“Whoa, whoa, whoa. Madam chair, what about 2368?” Benton says. After being told in no uncertain terms that the hearing is over, he continues: “That is abrupt and very disappointing. We worked very hard on this affordable housing bill. And we had an agreed-to amendment.”
“We had the votes,” chimes in state Sen. Steve Hobbs, D-Lake Stevens.
“To abruptly adjourn this meeting without protecting the homeless really, really bothers me, and it will affect those who need a voucher just for housing over their heads on a cold day,” says state Sen. Sharon Nelson, D-West Seattle.
“I was very surprised,” Silver said this week. “This is basically petty politics on the part of the Senate leadership The majority leader put pressure on Sen. Angel, and she stopped the committee from moving forward even though there was clear majority support. It’s just the worst type of politics, and the most vulnerable folks in our community are the ones who’ll pay the price.”
The state Senate majority leader is Rodney Tom of Medina, a Democrat who caucuses with Republicans.
Benton’s statement says: “There is too much at stake to allow petty politics to get in the way of helping people — people who are depending on their lawmakers to do the right thing.”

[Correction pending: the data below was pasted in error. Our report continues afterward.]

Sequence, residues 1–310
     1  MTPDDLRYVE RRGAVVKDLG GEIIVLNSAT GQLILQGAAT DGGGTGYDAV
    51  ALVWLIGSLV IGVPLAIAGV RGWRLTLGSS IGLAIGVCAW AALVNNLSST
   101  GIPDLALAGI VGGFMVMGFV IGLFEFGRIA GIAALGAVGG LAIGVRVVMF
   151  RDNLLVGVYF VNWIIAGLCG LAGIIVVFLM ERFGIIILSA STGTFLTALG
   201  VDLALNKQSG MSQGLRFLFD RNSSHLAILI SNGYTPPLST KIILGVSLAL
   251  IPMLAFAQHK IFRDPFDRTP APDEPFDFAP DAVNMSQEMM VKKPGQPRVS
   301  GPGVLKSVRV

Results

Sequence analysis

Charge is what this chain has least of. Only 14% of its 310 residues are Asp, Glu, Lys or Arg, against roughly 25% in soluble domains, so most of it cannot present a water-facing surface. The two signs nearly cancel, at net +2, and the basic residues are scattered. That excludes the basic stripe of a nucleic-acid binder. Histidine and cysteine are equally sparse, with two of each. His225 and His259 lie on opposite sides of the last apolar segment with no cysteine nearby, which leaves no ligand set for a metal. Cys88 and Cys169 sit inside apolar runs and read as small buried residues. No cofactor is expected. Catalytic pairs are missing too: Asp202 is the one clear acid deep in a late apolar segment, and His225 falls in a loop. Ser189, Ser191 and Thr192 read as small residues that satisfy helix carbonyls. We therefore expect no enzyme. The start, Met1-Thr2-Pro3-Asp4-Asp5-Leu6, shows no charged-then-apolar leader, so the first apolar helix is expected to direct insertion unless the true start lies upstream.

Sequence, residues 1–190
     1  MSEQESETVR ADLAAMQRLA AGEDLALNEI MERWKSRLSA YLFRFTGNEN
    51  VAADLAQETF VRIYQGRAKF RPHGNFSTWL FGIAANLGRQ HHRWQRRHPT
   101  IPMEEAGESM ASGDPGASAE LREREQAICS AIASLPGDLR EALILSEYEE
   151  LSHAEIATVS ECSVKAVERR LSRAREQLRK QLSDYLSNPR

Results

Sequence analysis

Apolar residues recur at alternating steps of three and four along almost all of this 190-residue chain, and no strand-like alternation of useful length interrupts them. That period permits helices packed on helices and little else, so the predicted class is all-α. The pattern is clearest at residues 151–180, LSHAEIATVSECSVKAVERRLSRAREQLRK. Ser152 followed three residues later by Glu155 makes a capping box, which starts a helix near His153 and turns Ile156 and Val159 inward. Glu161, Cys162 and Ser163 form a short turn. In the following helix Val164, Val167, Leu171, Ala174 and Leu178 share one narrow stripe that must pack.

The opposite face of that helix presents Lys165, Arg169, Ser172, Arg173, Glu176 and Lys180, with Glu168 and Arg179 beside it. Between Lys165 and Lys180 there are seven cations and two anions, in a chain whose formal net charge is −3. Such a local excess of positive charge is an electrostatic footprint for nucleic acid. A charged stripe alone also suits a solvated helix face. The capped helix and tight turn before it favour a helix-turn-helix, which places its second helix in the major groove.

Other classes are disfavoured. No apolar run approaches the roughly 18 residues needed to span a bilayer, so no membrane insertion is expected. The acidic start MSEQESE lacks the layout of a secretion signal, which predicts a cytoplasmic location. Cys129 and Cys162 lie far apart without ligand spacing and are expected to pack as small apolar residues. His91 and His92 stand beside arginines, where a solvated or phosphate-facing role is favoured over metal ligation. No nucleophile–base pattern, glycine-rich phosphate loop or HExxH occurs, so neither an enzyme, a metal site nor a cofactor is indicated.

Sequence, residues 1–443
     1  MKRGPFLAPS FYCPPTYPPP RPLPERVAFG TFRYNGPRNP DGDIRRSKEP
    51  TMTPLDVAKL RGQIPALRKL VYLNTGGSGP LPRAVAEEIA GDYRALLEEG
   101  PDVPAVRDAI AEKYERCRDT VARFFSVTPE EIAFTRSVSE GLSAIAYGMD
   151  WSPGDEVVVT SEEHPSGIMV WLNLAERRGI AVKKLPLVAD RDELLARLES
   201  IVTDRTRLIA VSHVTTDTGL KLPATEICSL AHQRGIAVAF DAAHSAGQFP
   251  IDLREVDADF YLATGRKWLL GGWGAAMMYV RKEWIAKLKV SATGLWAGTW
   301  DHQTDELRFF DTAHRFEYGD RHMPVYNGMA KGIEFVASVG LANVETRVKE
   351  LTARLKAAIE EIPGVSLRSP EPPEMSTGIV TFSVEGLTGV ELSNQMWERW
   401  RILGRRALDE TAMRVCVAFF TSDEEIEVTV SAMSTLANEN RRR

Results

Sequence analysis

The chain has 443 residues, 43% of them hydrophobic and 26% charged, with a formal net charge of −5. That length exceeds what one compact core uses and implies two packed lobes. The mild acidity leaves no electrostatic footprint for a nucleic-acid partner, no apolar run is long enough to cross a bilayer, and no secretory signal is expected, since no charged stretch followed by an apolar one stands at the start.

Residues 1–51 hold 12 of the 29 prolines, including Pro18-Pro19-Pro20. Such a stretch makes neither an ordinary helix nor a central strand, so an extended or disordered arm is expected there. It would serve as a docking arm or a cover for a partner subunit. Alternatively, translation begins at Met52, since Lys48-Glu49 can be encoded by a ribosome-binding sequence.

Since the committee has adjourned for this legislative session, Silver said, the remaining option is a parliamentary move called a “Ninth Order,” which pulls bills that have stalled in committee — but have majority support — directly to the Senate floor. He said that’s already been tried once and failed, but he’s hoping that a new attempt will garner more support from Republicans who are convinced to stand up against their party leadership.
“It’s a big ask, there’s no doubt about it, asking senators to vote against their leadership,” Silver said, “but if ever there was a time to do it, this is it.”
He said he hopes constituents will flood their state senators with calls on this issue. “They need to know they’ve got the full support of the community here,” he said.
The legislative session is set to end March 13.